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Federal power surge  

Two years ago, Congress gave the Department of Energy more authority to locate power lines – sometimes against state opposition. An amendment to the energy bill passed recently by the Senate would greatly expand this federal power, especially in the case of wind, solar and geothermal power. While increasing alternative energy sources is important, giving additional power to federal regulators is premature, so it is encouraging that, with a push from Maine lawmakers, the amendment is likely to be rewritten.

In the Energy Policy Act of 2005, lawmakers gave the Energy Department the authority to designate National Interest Electricity Transmission Corridors. Before designating such corridors, where the department determined that new transmission lines needed to be built to ease the flow of electricity, the department was to consult with affected states. Without this consultation, the department designated several “high priority” corridors this spring. None were in New England.

Within “high priority” corridors, local regulators are given one year to approve proposed projects without substantial modifications. If they do not, the applicant can apply to the Federal Energy Regulatory Commission and ask the federal regulators to override the local rejection or inaction.

Since the corridors have only been designated for months and no project has yet to be reviewed by state regulators, it is too soon to determine whether this new federal authority needs to be expanded.

However, an amendment, sponsored by South Dakota Sen. John Thune, was included in the Senate energy bill. It would allow individual companies to nominate corridors – they are now designated solely by the Energy Department – and would expand the reasons that such corridors can be created to include boosting economic development and easing access to wind power.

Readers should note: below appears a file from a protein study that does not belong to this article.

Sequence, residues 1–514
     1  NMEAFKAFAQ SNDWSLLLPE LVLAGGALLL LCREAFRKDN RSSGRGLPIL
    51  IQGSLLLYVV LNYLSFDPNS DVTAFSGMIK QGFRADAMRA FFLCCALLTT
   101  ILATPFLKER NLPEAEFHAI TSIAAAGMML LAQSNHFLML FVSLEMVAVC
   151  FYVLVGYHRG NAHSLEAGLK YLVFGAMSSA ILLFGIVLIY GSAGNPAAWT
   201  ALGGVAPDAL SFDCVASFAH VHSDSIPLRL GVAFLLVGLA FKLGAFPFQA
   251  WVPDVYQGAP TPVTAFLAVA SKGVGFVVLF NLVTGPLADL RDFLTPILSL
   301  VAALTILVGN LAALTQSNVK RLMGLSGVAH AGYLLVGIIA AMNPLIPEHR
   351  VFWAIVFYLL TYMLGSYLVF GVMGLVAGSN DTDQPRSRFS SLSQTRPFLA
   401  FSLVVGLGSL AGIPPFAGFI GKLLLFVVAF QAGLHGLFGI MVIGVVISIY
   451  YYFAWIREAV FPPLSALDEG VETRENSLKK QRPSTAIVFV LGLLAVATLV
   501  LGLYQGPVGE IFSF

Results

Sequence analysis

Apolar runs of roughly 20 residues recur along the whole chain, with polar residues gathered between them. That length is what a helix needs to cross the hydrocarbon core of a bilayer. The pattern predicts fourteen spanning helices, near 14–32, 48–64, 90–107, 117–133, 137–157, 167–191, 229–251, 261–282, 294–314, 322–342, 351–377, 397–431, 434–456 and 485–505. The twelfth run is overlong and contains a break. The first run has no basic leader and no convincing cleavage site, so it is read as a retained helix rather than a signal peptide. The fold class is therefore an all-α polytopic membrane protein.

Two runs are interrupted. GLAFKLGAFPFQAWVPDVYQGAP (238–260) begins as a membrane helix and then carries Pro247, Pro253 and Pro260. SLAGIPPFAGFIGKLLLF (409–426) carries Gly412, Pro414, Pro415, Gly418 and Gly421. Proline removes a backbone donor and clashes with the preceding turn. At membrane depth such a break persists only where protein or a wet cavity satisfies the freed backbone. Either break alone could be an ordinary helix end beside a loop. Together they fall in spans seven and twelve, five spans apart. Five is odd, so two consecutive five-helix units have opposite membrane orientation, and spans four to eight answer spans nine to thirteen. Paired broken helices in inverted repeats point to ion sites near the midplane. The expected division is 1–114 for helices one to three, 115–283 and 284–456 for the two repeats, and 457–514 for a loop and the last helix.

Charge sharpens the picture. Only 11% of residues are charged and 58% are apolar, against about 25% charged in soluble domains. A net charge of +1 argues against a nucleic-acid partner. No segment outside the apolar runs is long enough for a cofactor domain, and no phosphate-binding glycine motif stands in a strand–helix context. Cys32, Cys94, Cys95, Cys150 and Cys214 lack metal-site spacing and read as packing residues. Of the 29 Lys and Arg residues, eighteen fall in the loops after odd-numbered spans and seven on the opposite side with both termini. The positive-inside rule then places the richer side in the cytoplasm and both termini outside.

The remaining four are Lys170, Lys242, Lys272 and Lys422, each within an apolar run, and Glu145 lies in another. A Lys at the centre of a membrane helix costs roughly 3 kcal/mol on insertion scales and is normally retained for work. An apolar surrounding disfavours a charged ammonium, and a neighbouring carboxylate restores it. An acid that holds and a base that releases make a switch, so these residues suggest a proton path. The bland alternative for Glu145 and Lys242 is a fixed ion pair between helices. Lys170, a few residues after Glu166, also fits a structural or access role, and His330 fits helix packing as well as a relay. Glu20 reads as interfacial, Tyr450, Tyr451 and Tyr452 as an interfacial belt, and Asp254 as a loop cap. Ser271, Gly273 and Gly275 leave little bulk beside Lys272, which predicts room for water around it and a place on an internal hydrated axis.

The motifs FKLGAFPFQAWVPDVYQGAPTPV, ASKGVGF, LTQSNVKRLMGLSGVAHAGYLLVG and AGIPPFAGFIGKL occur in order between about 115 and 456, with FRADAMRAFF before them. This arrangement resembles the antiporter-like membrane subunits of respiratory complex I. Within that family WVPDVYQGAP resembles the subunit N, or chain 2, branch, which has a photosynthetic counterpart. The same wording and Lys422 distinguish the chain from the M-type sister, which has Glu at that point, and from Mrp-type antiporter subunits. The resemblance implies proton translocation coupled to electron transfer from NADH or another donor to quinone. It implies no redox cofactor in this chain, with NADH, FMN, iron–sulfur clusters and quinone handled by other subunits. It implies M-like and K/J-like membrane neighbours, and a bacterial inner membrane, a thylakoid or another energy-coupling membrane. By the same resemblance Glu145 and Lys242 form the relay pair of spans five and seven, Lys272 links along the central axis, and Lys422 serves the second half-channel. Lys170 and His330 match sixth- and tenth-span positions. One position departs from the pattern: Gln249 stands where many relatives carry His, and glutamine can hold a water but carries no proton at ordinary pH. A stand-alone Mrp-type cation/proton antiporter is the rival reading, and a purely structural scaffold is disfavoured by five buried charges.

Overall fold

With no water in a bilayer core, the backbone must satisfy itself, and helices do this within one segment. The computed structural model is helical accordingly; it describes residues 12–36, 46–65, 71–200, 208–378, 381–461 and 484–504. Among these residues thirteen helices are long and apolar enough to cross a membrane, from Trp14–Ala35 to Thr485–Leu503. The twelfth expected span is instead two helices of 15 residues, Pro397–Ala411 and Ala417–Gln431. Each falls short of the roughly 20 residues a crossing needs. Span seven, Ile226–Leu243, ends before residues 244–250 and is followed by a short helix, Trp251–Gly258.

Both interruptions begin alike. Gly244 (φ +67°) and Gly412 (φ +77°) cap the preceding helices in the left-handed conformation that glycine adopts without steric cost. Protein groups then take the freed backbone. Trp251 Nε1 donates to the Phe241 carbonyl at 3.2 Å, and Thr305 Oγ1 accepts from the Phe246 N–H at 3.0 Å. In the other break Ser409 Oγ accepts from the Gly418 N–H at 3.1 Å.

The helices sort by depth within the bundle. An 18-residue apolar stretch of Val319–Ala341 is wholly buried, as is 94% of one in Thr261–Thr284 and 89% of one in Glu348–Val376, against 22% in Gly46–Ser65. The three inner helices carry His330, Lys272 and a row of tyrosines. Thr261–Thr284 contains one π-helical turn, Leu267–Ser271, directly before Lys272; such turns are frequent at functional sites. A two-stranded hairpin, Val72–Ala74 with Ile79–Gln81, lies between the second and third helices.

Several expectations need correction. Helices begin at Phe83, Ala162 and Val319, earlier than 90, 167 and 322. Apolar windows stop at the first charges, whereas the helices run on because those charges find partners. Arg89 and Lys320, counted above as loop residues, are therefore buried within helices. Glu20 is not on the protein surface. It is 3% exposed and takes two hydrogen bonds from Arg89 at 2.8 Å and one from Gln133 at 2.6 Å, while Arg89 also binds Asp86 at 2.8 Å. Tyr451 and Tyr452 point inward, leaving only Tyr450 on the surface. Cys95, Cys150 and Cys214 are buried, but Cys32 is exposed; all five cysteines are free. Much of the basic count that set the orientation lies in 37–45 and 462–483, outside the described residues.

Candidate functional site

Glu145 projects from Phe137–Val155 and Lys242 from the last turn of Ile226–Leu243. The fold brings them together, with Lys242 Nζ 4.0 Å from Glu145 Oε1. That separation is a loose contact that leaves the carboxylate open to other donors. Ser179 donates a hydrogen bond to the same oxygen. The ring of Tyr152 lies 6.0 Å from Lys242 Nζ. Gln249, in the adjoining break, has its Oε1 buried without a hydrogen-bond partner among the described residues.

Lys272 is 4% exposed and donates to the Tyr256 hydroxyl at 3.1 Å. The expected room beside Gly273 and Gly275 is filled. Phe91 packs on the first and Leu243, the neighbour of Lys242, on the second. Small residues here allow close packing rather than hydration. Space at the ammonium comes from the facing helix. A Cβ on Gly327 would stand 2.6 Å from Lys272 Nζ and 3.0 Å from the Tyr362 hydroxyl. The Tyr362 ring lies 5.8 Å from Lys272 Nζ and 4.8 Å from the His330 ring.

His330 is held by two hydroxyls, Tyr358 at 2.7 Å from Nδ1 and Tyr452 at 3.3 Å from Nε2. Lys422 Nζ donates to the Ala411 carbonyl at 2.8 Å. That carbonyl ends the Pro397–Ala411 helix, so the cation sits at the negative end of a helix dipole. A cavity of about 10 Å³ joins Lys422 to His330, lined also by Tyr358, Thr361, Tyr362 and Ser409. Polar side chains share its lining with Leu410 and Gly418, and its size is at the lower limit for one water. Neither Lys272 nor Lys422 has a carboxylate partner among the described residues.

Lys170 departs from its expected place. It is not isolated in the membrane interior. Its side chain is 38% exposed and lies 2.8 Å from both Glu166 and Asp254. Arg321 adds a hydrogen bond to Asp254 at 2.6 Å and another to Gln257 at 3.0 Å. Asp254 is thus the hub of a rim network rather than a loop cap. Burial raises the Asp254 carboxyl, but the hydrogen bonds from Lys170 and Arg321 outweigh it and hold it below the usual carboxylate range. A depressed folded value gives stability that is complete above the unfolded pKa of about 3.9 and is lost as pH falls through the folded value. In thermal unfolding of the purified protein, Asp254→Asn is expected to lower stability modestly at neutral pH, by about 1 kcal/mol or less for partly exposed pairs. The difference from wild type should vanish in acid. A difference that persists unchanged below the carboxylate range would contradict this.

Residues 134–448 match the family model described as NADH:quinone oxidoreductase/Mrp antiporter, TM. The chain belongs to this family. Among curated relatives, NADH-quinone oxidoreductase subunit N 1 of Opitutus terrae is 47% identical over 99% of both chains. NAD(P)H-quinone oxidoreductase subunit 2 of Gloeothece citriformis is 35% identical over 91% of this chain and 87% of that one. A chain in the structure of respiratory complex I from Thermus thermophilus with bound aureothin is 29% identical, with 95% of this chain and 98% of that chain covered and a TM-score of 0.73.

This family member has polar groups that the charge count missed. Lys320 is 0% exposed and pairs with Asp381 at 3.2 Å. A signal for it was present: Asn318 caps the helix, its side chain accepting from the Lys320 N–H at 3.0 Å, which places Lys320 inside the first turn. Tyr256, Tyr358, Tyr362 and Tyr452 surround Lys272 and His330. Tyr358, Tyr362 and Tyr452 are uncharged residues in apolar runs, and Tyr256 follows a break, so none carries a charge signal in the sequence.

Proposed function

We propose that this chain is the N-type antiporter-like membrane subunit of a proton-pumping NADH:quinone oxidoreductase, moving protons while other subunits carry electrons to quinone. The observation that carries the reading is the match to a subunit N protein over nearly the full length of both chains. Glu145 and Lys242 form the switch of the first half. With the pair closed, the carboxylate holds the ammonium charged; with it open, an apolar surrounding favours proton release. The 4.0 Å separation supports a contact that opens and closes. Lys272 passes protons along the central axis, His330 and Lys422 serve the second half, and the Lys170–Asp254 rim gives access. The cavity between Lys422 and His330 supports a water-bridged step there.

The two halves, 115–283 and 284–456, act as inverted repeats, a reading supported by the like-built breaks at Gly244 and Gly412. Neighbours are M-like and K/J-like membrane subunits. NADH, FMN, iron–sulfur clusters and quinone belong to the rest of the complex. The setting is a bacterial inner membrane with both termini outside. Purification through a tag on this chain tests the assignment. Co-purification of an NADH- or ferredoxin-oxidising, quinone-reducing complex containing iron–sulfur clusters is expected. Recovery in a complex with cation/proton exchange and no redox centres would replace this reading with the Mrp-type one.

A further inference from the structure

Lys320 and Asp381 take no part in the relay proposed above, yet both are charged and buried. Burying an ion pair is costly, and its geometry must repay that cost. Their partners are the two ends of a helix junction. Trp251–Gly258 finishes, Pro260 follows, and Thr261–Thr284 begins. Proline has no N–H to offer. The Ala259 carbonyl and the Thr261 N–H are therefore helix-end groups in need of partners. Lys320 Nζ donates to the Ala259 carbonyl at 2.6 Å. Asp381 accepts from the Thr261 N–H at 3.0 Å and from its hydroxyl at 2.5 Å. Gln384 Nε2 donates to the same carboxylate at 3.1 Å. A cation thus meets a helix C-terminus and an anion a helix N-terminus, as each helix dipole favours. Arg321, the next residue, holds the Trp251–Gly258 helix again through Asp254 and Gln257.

Under the Thune amendment, which was passed by a voice vote without a hearing, a Massachusetts utility can suggest that a new transmission line be built through Maine, says Kurt Adams, chairman of the state’s Public Utilities Commission. Worse, Maine has several proposals to build wind electricity generation facilities here. If they are built, this can open the door to a high priority corridor designation and the usurpation of the PUC’s authority to regulate where transmission lines are built, according to Mr. Adams.

“Maine is prepared to host thousands of megawatts of generation capacity from wind and biomass” to serve southern New England’s “insatiable appetite for energy,” Gov. John Baldacci wrote in a letter to the state’s congressional delegation.

“However, the development of these resources for New England must not harm Maine consumers or adversely impact our environment, which is the cornerstone of our economy,” he wrote.

Sens. Olympia Snowe and Susan Collins are working with Sen. Thune to ensure the intent of the amendment – to ensure wind power projects have access to transmission lines – is met without overruling the interests of host states and maybe even assuring that such states’ ratepayers benefit as well.

This would greatly improve the amendment.

By BDN Staff

Bangor Daily News

12 July 2007

This article is the work of the source indicated. Any opinions expressed in it are not necessarily those of National Wind Watch.

The copyright of this article resides with the author or publisher indicated. As part of its noncommercial effort to present the environmental, social, scientific, and economic issues of large-scale wind power development to a global audience seeking such information, National Wind Watch endeavors to observe “fair use” as provided for in section 107 of U.S. Copyright Law and similar “fair dealing” provisions of the copyright laws of other nations. Send requests to excerpt, general inquiries, and comments via e-mail.

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